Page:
A quasi-uniform space $(X,\mathcal U)$ is called precompact (resp. totally bounded) if for each $U\in\mathcal U$, a cover $\{U(x): x\in X\}$ has a finite subcover (resp. $\mathcal U^s$ is precompact). A uniform space is totally bounded iff it is precompact. Every totally bounded quasi-uniform space is precompact but the converse does not hold, in general. [Lam] A quasi-uniform space $(X,\mathcal U)$ is totally bounded iff it is doubly hereditarily precompact, that is both $\mathcal U$ and $\mathcal U^{-1}$ are hereditarily precompact. [Kü1] Each compact quasi-uniform space is precompact, but the converse does not hold, in general, too. As a simple example I can propose Sorgenfrey circle that is the unit circle $\Bbb T=\{e^{i\varphi}:\varphi\in\Bbb R\}$ endowed with a quasi-uniformity generated by a base $\{U_n\}$, where $U_n=\{(x,y)\in\Bbb T: y=xe^{i\varphi}$ and $\varphi\in [0,1/n)\}.$ Sorgenfrey circle is a precompact quasi-uniform space, which is neither compact nor totally bounded. On the other hand, a quasi-uniform space is precompact if and only if every ultrafilter is a Cauchy filter [FL]. At last, there exists a compact quasi-uniform space which is not totally bounded: let $a<b$ be real numbers; endow the set of the reals with a quasi-uniformity generated by a base $\{\{(x, y):x = y$ or $a < x < b\}\}$ [Lam]. From the other side, for an arbitrary topological space $X$ the Pervin quasi-uniformity is the finest compatible totally bounded quasi-uniformity of $X$. I recall that each topological space $(X; \tau)$ is quasi-uniformizable, since $\tau$ coincides with the topology induced by the Pervin quasi-uniformity generated by the subbase $\{[X\setminus G\times X]\cup [X \times G] : G\in\tau\}$. [Kü1]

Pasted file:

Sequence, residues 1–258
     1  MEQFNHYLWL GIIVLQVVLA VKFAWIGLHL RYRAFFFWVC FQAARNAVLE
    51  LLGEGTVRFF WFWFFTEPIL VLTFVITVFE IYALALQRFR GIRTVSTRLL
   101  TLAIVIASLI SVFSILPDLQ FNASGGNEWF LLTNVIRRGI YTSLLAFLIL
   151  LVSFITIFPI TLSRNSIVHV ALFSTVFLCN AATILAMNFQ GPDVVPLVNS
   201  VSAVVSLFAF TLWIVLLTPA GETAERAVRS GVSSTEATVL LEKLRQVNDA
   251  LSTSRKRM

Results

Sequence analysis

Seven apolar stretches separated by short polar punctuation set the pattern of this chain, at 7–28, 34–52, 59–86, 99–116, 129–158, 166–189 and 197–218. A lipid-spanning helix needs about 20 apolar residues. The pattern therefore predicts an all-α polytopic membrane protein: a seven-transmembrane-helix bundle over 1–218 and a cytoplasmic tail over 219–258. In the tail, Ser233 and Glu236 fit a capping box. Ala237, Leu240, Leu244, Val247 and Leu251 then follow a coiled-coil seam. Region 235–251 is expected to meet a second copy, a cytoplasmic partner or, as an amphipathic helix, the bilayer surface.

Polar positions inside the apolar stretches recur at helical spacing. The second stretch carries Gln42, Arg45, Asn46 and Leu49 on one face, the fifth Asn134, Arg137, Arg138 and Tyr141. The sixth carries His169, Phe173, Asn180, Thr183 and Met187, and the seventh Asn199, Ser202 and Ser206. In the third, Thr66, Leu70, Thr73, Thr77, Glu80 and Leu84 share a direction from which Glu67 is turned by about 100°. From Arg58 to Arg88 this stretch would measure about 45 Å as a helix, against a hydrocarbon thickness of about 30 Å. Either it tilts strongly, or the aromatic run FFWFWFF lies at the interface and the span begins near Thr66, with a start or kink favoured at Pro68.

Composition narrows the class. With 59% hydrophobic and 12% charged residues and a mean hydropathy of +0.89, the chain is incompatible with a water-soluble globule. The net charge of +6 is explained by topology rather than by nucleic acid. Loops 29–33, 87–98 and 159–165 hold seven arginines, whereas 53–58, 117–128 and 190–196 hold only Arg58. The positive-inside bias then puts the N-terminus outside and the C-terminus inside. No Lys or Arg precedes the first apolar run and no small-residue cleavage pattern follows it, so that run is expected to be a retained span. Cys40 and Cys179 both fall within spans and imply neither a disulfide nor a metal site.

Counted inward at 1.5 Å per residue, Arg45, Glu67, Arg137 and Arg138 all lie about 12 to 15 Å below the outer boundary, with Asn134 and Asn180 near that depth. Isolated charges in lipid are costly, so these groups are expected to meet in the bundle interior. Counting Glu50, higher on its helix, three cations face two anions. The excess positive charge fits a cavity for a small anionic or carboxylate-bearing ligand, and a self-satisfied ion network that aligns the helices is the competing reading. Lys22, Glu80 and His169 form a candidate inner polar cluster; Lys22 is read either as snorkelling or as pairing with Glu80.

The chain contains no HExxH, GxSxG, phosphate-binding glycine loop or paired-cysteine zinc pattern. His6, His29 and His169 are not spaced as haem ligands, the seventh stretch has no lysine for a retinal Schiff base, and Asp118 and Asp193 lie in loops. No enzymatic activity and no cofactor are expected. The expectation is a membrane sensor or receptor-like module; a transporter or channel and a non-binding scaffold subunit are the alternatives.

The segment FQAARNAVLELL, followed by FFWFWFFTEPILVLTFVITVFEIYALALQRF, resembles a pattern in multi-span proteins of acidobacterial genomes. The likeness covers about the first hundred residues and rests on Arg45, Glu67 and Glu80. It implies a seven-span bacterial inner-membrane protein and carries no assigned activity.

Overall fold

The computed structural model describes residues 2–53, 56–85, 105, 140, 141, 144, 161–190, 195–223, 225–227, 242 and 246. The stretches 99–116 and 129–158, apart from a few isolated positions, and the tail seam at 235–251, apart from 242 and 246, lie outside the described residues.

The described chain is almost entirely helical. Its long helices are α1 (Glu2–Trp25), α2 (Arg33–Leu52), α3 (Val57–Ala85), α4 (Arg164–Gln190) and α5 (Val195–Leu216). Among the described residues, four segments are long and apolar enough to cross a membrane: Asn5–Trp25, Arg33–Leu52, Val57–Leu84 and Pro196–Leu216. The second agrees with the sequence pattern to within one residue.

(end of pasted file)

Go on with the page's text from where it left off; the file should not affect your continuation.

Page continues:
There are several notions of completeness for quasi-uniform spaces [Kü1-2].

A quasi-uniform space $(X, \mathcal U)$ is called bicomplete provided that $\mathcal U^s$ is a complete uniformity. So, a quasi-uniform space $(X, \mathcal U)$ is totally bounded and bicomplete iff $(X, \mathcal U^s)$ is a complete precompact uniform space iff $(X, \mathcal U^s)$ is compact. In this case the space $(X, \mathcal U)$ is compact too. Sorgenfrey circle is bicomplete and precompact, but it is neither compact nor totally bounded.